TC: If we were to pass these tipping points, could we go back?
TL:It sometimes depends on the system. We talk about reversible and irreversible changes. The most worrying tipping points are in systems which have an inherent irreversibility, where even if you could turn the global temperature dial down, you wouldn’t necessarily recover the system. An ice sheet is like that because when you’ve melted it away, the altitude of the land is much lower and therefore warmer, so you have to cool things down an awful lot to recover it.
There’s some evidence that tropical monsoons or vegetation systems change might be a bit more reversible, at least in principle. The problem is that in practice we don’t expect the global temperature to come down very easily or regularly. Even if we stop emissions and stabilise greenhouse-gas levels, the temperature may be still steadily drifting up for several centuries. So reversibility in principle doesn’t mean anything will be reversed in practice.
TC: Are there any potential positive effects of tipping points?
TL: I think there could be. In the Sahara region there is some possibility that we can return to a more vegetated green Sahara state that we saw 6,000 years ago. This would require quite a profound reorganisation of the seasonal development of rains in that region, meaning it wouldn’t be good for everyone, but it could make that a better part of the world to grow food.
TC: How do you think the research on tipping points should impact policy? Should this change our timetables and emissions reduction targets?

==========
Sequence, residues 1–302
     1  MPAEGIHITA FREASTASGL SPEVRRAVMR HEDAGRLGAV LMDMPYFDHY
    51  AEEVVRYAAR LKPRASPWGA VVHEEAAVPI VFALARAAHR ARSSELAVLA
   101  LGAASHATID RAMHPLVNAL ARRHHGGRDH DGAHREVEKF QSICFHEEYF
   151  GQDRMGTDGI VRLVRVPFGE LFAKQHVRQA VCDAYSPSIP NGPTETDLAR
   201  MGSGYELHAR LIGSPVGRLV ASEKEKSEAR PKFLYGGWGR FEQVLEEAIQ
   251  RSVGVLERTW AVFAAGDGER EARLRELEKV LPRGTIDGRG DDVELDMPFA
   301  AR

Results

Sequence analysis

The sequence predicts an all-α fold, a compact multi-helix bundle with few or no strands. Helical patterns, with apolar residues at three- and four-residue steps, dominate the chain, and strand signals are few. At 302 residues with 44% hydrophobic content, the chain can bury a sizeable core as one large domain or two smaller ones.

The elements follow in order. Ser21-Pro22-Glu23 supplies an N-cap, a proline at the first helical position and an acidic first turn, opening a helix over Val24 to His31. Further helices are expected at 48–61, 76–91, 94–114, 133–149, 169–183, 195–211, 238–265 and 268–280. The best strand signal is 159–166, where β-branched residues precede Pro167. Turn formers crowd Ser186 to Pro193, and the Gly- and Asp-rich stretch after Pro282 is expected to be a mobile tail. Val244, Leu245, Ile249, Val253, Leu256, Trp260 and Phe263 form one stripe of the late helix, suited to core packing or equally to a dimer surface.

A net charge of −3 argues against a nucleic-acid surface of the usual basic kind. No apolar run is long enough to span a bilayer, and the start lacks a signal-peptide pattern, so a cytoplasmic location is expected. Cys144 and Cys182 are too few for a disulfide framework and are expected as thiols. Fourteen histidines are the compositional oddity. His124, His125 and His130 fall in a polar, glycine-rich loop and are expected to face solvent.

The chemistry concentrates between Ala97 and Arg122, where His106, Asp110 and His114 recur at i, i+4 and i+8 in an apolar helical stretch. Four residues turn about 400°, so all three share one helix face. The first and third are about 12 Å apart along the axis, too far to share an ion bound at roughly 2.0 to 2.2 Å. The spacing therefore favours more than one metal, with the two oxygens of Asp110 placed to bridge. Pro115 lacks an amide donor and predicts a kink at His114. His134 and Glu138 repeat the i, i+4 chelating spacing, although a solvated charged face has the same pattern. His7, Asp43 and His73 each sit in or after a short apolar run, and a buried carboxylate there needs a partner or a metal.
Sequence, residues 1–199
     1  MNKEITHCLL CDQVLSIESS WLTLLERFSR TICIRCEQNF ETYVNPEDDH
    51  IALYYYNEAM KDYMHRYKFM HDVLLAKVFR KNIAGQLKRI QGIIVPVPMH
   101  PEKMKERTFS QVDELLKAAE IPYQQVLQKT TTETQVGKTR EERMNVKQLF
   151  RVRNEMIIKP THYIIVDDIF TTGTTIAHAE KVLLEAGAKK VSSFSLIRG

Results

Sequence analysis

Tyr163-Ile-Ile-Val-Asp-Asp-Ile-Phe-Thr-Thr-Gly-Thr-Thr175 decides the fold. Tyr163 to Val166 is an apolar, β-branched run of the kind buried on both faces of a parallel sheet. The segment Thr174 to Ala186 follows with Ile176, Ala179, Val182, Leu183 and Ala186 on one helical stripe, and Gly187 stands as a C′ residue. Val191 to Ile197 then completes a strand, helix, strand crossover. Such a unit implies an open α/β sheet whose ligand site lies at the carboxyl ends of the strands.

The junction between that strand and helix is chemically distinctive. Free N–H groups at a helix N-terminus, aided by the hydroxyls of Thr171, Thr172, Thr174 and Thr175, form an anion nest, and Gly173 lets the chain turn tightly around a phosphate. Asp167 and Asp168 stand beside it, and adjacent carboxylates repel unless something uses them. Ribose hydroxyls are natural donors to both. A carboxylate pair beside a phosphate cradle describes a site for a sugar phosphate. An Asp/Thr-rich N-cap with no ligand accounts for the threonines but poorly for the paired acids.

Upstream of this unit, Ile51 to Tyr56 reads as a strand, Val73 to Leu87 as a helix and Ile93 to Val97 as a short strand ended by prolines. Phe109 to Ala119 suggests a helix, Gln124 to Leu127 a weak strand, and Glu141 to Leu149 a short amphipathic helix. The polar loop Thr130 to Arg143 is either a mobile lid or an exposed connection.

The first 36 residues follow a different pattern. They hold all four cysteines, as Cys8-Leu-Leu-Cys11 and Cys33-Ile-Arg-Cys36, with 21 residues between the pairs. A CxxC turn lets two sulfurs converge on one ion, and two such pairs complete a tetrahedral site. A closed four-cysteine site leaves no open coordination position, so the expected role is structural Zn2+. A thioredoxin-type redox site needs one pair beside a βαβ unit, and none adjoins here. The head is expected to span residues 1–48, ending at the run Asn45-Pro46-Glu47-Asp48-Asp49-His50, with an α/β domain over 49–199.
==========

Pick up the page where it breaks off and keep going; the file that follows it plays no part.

TL: Firstly we welcome the prospect that work on tipping points would lead people to perceive climate change differently. Instead of thinking about climate change as some kind of smooth and largely predictable response of the earth to our activities, tipping points highlight the possibility that there are step-like changes in temperature and that one will never be able to predict the certainty where exactly they lie.
We have to think about climate change as a problem of risk management. We are really at a moment of gambling with the climate system.
So the objective, if you are trying to manage the risk, is to minimise the probability of passing tipping points – and that’s a strong argument for legislation to reduce greenhouse-gas emissions. It is also an argument for strengthening our ability to adapt.
This research probably also demonstrates why we need to think about other options that would go under the banner of geo-engineering. So, for instance, we could try to create artificial sinks for carbon dioxide. If we combine reducing carbon emissions with creating carbon sinks, we probably give ourselves the best capacity to stabilise and ultimately reduce greenhouse gases and temperature.
TC: What changes need to happen in wider society?
TL:We need social tipping points to avoid climate tipping points. If we are serious about weaning ourselves off carbon-intensive energy production and carbon-intensive lifestyles, social tipping points are good ways to achieve that. That has to range from changes in individual behaviour to collective changes. For instance, we need to change economic subsidy regimes so that they don’t encourage corporate fossil-fuel burning. Where there is fossil fuel burning, it should be recovered, captured and stored. Energy efficiency and the development of low carbon energy sources must also be encouraged.
Tan Copsey is development manager of chinadialogue
Homepage image from salendron